In a statement released on Thursday, Bush expressed frustration over his treatment. “It is my strong belief that I won the Heisman Trophy … due to my hard work and dedication on the football field and it is also my firm belief that my records should be reinstated.”
As he fights to remove the stain on his reputation, other college athletes are aggressively taking advantage of their newfound freedom. The NCAA has dwelled comfortably on the wrong side of history for years, but now the organization has an enormous opportunity to right some of its past mistakes.
The NCAA’s path to financial success is littered with stories of the NCAA robbing players of opportunities to continue its charade of amateurism. In 2010, Terrelle Pryor, then a star quarterback for Ohio State, was suspended for multiple games and was forced to repay $2,500 for selling his own memorabilia and receiving discounted tattoos. Rather than serve a five-game suspension as a college player, Pryor chose to forgo his final year of eligibility to enter the NFL’s supplemental draft. However, in a shocking, unprecedented, and unnecessarily meddlesome move, the NFL sided with the NCAA and suspended Pryor for the first five games of his rookie season as a pro. Pryor’s NFL career lasted only seven seasons, but might it have lasted longer or turned out differently had he not entered the league under a cloud of suspicion—or had he spent one more year honing his abilities at OSU?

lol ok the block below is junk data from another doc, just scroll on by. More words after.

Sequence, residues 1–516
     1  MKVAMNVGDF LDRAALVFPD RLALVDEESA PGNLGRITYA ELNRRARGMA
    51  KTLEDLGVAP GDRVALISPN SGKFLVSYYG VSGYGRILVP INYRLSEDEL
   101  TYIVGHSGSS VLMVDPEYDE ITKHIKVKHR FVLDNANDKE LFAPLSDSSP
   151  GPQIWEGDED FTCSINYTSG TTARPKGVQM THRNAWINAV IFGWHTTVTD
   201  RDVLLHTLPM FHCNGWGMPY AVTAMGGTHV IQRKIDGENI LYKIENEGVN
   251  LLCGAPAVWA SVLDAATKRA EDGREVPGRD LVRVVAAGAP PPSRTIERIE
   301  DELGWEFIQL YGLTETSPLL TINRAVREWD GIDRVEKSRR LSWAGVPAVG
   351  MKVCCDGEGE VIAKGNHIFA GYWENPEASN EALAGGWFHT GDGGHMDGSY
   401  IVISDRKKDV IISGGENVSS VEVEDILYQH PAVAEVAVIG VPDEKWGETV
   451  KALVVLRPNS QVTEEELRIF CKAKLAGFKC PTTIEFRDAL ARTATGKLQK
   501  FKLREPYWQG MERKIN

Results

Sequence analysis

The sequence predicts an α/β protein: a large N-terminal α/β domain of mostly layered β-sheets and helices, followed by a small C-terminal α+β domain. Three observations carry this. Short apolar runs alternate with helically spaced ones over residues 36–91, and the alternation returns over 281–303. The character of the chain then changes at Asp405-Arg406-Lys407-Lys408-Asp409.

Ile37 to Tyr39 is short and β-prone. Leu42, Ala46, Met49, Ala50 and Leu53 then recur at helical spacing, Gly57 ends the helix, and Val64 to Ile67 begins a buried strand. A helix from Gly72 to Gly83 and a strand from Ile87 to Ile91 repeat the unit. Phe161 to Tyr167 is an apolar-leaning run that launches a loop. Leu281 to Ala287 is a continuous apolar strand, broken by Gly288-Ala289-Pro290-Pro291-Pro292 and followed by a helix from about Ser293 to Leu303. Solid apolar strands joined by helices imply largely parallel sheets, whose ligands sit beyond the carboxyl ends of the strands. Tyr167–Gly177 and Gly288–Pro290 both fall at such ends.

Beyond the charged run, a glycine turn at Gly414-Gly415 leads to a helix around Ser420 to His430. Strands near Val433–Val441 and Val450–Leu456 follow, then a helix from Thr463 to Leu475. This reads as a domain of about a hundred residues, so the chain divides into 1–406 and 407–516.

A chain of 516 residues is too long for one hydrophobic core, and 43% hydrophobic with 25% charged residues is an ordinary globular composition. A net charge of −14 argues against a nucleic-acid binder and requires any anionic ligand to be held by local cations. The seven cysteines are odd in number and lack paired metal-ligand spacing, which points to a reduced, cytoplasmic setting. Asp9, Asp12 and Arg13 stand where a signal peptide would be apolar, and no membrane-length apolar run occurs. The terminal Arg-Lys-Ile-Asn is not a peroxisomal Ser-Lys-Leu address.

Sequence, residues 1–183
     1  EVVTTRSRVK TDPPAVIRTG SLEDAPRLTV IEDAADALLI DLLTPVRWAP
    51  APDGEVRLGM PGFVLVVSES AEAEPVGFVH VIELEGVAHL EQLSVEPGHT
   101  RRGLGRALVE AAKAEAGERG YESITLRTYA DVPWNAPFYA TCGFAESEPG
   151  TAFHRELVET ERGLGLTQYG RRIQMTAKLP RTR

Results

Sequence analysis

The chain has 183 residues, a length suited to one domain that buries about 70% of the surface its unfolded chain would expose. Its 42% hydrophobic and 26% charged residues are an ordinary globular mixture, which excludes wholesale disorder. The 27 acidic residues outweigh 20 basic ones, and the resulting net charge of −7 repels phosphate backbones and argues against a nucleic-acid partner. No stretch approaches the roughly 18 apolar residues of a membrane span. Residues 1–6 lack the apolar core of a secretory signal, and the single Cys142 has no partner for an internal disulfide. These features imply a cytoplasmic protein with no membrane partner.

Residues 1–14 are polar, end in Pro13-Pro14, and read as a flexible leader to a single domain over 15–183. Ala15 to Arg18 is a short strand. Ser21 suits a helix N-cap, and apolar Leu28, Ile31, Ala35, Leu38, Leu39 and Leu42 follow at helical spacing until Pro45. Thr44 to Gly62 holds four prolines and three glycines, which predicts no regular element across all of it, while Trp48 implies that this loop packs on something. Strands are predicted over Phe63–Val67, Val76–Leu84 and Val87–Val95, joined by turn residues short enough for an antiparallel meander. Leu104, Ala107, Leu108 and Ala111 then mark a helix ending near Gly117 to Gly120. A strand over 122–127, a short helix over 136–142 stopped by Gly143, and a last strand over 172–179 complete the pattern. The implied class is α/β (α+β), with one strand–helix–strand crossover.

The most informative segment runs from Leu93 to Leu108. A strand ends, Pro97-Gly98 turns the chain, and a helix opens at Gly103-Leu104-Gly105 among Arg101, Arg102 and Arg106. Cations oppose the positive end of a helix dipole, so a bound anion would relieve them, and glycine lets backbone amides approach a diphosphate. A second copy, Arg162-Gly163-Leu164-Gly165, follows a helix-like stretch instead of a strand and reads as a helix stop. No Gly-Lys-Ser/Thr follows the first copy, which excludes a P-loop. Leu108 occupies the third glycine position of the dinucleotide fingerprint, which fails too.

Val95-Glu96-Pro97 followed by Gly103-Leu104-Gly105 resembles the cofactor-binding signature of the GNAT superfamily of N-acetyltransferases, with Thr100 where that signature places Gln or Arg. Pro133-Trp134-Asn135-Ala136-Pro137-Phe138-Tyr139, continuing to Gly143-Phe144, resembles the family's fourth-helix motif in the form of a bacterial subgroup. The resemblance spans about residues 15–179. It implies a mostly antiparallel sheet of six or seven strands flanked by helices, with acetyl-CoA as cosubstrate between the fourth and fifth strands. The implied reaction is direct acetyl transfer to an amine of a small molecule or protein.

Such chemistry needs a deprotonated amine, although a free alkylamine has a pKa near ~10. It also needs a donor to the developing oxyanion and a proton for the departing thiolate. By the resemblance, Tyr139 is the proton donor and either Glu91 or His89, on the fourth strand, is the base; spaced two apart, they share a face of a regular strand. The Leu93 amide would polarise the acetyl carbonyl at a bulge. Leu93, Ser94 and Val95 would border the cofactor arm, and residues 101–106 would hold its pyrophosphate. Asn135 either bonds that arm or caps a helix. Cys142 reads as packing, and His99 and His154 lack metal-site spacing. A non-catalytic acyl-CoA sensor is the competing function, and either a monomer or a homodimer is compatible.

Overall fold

Another egregious example of the NCAA’s hypocritical heavy-handedness is how the organization dealt with the Fab Five, the precocious quintet of University of Michigan freshmen who became the biggest college-basketball sensation in the early 1990s.
The Fab Five made it to consecutive national-championship games in 1992 and 1993. But an investigation later revealed that a former booster, Ed Martin, had given more than $600,000 to several players in Michigan’s program during the 1990s. The marquee power forward Chris Webber was not only the centerpiece for those dominant Fab Five teams but one of the key figures accused of accepting large sums of money from Martin. Michigan’s basketball program took years to recover from the NCAA’s punishment, which included forfeiting 112 victories. Michigan even took down and put away the Fab Five’s Final Four banners.
Once the name, image, and likeness rights for college athletes were granted, Webber, like Bush, wondered about restitution. “Ummmmmmm soooo …whoever has the key please hit me up,” Webber tweeted Thursday. “I need that key.. you know… the one to the secret room with the Banners…”
In reality, the NCAA will never be able to fully atone for selling the labor of college athletes while denying them even a sliver of the enormous proceeds. But the NCAA should atone as much as it can—even if some gestures are largely symbolic. Records should be reinstated. Banners and jerseys should be returned to places of honor. A Heisman Trophy should be put back into the hands of its rightful owner. Expunging the punishments that athletes have suffered won’t replace their losses. But it’s at least an acknowledgment of the wrongs that were committed.